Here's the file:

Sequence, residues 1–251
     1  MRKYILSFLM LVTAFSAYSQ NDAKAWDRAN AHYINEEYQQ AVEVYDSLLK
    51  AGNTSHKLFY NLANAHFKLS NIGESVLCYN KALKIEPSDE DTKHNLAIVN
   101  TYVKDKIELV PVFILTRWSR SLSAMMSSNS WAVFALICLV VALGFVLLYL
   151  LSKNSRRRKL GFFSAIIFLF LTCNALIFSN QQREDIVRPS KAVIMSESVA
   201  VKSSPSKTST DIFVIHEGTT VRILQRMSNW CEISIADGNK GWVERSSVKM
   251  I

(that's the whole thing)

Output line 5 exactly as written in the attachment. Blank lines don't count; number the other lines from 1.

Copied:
   151  LSKNSRRRKL GFFSAIIFLF LTCNALIFSN QQREDIVRPS KAVIMSESVA